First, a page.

In the screenshot I’ve also opened the list of installed extensions on the left, so you can see everything I’m using at a glance, but usually that’s where I’d have the file-explorer. I’ve hidden the “Activity Bar” and moved the file history (“Timeline”) as well as the Git-Integration to the secondary sidebar on the right. This layout closely resembles how Atom looked (although it doesn’t quite work the same way).

Installing extensions in VS Codium is a little more complicated than in “normal” VS Code, since the Microsoft marketplace is disabled and the Open VSX marketplace doesn’t offer all extensions yet, but once I found out I could simply download the *.vsix files from the Microsoft marketplace and install them that way that issue turned into “just” yet another nuisance (which I’m willing to accept for the added privacy).

Thankfully, the “Atom Keymap” extension allows me to keep most of the keyboard shortcuts I’m used to, although I still had to adjust some of the shortcuts to my liking. For example, by default, there’s no way to close the panel at the bottom by pressing Esc when it’s opened, say after using the project-wide search feature. It’s subtle UX differences like these that make switching to this editor frustrating for me.

On a more positive note, the “ESLint” and “stylus” extensions allow me to use those two tools pretty much as I was used to, while “Volar” is supposed to make my Vue-development-life easier.

What I (Strongly) Dislike

So VS Code is supposed to be the officially recommended editor for developing in Vue, right? How is it then that it has fewer features than Atom had, even though the plugin to integrate Vue hasn’t received updates since the beginning of 2020? I don’t really care for intellisense and all the other cruft Volar brings, I care about using Stylus in my <style> tags and that’s not supported, even though Stylus is a supported language for Vue single file components.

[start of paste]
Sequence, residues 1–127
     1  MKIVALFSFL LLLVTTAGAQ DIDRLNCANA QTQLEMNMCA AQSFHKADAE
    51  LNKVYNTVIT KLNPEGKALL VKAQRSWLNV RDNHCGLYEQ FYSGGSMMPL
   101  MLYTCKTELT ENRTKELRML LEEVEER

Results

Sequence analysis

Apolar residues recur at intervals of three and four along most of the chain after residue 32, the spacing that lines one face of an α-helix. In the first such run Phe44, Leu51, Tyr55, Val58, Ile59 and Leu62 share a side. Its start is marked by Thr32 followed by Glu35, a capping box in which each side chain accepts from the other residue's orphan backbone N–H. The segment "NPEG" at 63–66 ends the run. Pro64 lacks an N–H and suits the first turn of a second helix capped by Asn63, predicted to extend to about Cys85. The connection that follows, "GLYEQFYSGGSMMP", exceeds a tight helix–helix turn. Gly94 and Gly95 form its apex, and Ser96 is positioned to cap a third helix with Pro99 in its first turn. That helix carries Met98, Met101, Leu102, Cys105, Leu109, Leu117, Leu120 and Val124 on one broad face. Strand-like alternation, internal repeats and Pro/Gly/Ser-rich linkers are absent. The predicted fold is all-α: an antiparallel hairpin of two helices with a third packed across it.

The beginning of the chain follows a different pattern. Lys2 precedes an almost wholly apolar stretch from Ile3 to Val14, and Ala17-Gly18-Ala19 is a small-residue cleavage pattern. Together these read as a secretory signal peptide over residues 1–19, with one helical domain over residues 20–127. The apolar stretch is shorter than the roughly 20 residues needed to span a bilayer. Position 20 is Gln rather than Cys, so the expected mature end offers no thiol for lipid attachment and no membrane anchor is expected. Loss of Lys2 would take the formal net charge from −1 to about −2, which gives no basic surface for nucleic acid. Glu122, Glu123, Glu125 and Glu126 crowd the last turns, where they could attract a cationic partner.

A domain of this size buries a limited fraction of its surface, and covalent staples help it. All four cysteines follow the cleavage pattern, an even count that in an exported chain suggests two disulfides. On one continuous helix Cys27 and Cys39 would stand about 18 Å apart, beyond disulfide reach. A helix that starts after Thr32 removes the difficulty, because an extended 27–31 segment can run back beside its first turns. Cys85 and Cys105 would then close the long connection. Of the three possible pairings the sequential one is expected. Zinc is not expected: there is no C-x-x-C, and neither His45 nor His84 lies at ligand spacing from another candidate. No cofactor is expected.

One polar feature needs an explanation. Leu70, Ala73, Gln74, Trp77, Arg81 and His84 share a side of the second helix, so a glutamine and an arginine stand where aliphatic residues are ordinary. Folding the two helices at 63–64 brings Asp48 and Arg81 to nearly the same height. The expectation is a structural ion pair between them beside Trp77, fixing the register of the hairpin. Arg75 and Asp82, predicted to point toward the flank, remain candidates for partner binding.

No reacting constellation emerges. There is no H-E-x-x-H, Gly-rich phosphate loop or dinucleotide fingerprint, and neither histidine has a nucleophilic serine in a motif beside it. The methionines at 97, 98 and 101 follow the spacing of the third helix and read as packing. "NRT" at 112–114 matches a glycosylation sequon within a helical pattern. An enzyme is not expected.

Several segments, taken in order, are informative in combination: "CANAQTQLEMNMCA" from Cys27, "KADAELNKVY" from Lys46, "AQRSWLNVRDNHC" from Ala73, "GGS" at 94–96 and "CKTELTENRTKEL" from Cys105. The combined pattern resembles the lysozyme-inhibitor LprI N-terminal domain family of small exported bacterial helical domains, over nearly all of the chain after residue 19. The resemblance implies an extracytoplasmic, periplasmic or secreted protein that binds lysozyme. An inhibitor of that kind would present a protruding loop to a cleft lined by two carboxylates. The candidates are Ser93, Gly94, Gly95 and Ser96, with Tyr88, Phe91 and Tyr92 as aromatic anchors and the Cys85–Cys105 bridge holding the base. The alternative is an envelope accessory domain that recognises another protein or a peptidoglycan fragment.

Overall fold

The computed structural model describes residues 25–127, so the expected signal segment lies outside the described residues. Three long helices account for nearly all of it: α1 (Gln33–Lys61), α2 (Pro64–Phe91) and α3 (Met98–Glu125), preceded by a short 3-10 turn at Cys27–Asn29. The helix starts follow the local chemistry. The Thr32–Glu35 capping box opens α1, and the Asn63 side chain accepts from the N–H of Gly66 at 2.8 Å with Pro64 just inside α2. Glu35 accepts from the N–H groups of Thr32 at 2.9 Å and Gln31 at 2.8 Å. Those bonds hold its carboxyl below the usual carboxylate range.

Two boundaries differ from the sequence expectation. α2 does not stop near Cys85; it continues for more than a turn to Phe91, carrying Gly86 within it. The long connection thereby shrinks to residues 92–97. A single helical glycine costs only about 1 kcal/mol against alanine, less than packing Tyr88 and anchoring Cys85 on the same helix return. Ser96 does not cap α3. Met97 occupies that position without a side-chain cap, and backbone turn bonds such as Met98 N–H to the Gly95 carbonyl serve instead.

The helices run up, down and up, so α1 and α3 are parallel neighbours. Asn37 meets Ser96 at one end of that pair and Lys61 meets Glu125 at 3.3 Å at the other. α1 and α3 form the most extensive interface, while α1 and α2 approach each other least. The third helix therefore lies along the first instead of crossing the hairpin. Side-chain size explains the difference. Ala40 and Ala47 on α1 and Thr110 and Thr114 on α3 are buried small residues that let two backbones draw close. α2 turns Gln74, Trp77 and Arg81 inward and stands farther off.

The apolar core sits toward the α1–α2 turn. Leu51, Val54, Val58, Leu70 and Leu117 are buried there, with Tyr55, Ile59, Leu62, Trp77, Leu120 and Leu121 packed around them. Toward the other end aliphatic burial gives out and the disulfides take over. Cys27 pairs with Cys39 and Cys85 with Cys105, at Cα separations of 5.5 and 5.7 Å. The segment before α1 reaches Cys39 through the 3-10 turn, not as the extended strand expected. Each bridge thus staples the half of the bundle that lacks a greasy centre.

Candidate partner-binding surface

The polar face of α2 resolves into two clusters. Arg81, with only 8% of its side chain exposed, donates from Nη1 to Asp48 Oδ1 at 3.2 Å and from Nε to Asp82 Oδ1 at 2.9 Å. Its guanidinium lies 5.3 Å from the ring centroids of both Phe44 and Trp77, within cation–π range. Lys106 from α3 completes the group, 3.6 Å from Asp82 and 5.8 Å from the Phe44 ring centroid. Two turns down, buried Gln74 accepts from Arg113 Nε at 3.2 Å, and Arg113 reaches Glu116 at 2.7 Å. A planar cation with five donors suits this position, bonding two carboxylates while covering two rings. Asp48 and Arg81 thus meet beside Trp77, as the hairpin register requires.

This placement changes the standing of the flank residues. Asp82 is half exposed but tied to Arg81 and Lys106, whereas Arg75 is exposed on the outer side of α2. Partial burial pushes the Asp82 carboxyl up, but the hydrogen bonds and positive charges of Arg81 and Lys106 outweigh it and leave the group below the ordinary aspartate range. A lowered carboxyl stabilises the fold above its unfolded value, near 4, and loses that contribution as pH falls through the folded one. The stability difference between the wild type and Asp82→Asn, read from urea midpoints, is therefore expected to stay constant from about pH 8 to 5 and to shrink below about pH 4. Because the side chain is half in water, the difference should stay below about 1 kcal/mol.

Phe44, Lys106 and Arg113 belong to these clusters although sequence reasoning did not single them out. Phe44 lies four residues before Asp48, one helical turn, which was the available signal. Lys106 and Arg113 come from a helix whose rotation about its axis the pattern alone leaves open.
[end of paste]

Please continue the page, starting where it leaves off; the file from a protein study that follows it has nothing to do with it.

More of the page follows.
Sure, syntax highlighting works, but I’m really used to having autocompletion for CSS properties, especially the more obscure ones. Yes, I could switch to SCSS or Less, but I’ve already made too many concessions with this whole sunset debacle, and I’ve started to notice how all these changes have started sucking the fun out of coding for me.

Another thing I noticed VS Code handles differently is the way fuzzy-matching works during autocompletion. In Atom, I could for example use ‘br’ and hit Tab to expand it into ‘border-radius’. That doesn’t work in VS Code, because for some reason it expands into border-right instead. I think it’s being too smart about trying to predict what property I mean, instead of just using an alphabetical order.

The same goes for indentation. Perhaps I have something configured wrongly, but whenever I paste lines or VS Code does one of its “smart” automatic code additions, like an automatic import, it messes up my indentation and I have to manually re-indent lines, which is especially frustrating because there seems to be no equivalent to Atom’s “Auto Indent” command.

Final Thoughts

Phew, I think I really needed to get that off my chest. All in all, using VS Codium works for me, but I’m not really happy with it yet. There’s just too many paper cuts right now. My workflow is much slower with it, and especially the Git integration feels so clunky to use that it makes me want to switch back to using the command line for it.

For now, it’ll do, and I’m sure that I’ll eventually get used to this changed workflow, since I’m facing it every day. Perhaps I’d also do well in stopping the comparisons with Atom and just accept this new reality to reduce the frustration. I’ll keep tweaking my configuration and installed extensions.

And hey, if Figma really should go away or become unaffordable / unusable after the Adobe merger—there’s always PenPot, right? And I’ll be a little more prepared to switch to a different tool courtesy of this whole Atom → VS Codium experience.

If you’re interested in my exact editor configuration and customised keyboard shortcuts, feel free to let me know on Twitter or Mastodon and I may go into more detail in another post or share to the *.json files. In any case, as always, thank you for reading—and I’ll do my best to be more on time with my October post, since this one was meant to go online a week ago. 😉